Daily briefing: Is there a coronavirus daily briefing today?

Posted on Jun 6 2020 - 7:12pm by admin

Coronavirus press conferences have become part of Britain’s daily routine – with scientists, MPs and the Prime Minister updating the public on the fight against coronavirus. Figures on cases and deaths, new rules on lockdown and updates on the Government’s track and trace app have dominated the schedule during the lockdown.

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Is there a coronavirus daily briefing today?

The Government has now made a move away from the seven-day schedule to a five-day schedule – stopping conferences at the weekend.

This has begun this weekend, meaning today and tomorrow there are no press conferences from Downing Street.

Announcing the move to five-a-week briefings, Mr Johnson’s spokesperson said: “We will carry on doing the press conferences on weekdays and ministers will also continue to provide regular updates to Parliament and conduct a wide range of media interviews.

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Daily briefing: Boris Johnson

Daily briefing: There is no daily briefing today – with weekend conferences scrapped (Image: GETTY)

“The PM will do a press conference every week. It’s possible he could do more.

“We are absolutely committed to keeping people updated and we will be continuing to do this through regular press conferences, also through information campaigns, media interviews and parliamentary updates.”

Asked why the briefings were being cut back from seven to five a week, Mr Johnson’s official spokesperson said: “It is just a fact that numbers viewing at weekends do tend to be significantly lower.”

The next coronavirus press conference from Downing Street will take place on Monday, June 8 at 5pm.

Daily briefing: Professor Chris Whitty

Daily briefing: Experts like Professor Chris Whitty update the public each day on the UK’s battle against COVID-19 (Image: PA)

Daily briefing: Matt Hancock

Daily briefing: On Friday Matt Hancock announced new rules on face coverings in hospitals (Image: PA)

When asked if the change hails a new approach to the crisis as daily numbers of cases decrease, Mr Johnson’s spokesperson said: “We have moved into a new phase of the pandemic response.

“We’ve obviously taken some cautious steps, easing social distancing measures.

“Schools are now open to more pupils and you are seeing a careful easing in the rules around social contact and also some aspects of non-essential retail have reopened.

“We are moving into a different phase of the response, but in terms of the pandemic and the government’s response, it continues to be the absolute priority for every department across Whitehall.”

This comes as fears over the coronavirus reproduction rate in parts of England grow, with new data suggesting the R-value is now around one in the North West.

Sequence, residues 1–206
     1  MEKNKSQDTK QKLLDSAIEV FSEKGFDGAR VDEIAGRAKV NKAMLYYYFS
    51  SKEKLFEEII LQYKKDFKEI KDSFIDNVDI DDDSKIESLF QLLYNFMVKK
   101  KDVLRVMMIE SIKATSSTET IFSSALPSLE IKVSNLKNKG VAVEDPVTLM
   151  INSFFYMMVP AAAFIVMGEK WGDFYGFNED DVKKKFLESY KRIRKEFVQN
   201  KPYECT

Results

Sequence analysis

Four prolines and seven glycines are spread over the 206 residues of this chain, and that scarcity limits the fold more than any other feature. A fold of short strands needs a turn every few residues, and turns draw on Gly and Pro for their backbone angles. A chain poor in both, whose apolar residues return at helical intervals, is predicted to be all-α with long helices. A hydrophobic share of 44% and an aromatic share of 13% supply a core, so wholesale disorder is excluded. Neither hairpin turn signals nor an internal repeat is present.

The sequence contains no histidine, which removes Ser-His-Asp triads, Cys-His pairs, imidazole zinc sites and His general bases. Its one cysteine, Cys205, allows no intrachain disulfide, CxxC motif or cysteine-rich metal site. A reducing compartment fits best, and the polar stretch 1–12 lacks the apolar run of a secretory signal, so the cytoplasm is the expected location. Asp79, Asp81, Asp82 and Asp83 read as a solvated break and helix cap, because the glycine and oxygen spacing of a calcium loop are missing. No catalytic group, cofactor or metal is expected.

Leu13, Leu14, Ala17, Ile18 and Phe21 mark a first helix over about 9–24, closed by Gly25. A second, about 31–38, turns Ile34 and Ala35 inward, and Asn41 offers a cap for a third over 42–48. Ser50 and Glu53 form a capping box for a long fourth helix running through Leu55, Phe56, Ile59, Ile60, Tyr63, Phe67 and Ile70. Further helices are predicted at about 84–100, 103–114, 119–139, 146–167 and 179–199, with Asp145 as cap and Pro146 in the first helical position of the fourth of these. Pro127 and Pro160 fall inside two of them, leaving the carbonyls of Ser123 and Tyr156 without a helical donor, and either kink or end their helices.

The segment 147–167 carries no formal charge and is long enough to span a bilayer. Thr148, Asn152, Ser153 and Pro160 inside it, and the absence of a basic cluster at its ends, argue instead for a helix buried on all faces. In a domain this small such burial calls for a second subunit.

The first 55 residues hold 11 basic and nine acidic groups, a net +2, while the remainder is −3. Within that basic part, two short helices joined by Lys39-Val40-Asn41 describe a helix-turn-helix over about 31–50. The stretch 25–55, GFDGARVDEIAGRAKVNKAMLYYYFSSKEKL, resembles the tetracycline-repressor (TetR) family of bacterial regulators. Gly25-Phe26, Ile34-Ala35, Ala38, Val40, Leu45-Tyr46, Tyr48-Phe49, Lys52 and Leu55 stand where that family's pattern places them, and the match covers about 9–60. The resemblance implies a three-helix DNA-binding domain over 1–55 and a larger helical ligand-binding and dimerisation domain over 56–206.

The value used by the Government remained between 0.7 and 0.9 for the UK as a whole, though the figure has a two to three-week lag, meaning it does not account for the latest easing of the lockdown.

But a separate report from Public Health England (PHE) and Cambridge University, which estimates what the value is currently, puts the North West on 1.01 and the South West on 1.00.

Mr Hancock said that new figures on the R-rate confirm “there is a challenge in the North West of England to address and, to a lesser degree, in the South West of England”.

Daily briefing: Social Distancing explained

Daily briefing: The R-rate has decreased thanks in part to social distancing measures (Image: EXPRESS)

He said the Scientific Advisory Group on Emergencies (Sage) believes the R is below one across the UK but the Government wants to “increasingly have an approach in tackling local lockdowns where we spot a flare-up”.

Labour-led Tameside Metropolitan Borough Council in Greater Manchester has advised schools to delay their wider reopening until at least June 22 because of the infection rate.

The council’s director of public health, Dr Jeanelle de Gruchy, wrote to headteachers strongly advising them against admitting more pupils until there is further assurance that the “rate of infection is reducing and R is firmly below 1”.

The R-rate determines the rate of infection – referring to the average number of people an infected person is expected to pass the virus on to.

For example, if the R-rate was three, this would mean each infected person would pass the virus on to three more people.

If the R-rate is above one, the virus is likely to spread quickly through populations.

The Government’s aim is to keep the rate below one, to lessen the spread and alleviate pressure on the NHS.

A range of data is used to calculate the R-rate, such as ICU admissions, hospital admissions, deaths and positive tests.

However, it takes two to three weeks for changes in the R rate to be shown in this data, given the timeframe between infection and the need for treatment.

 

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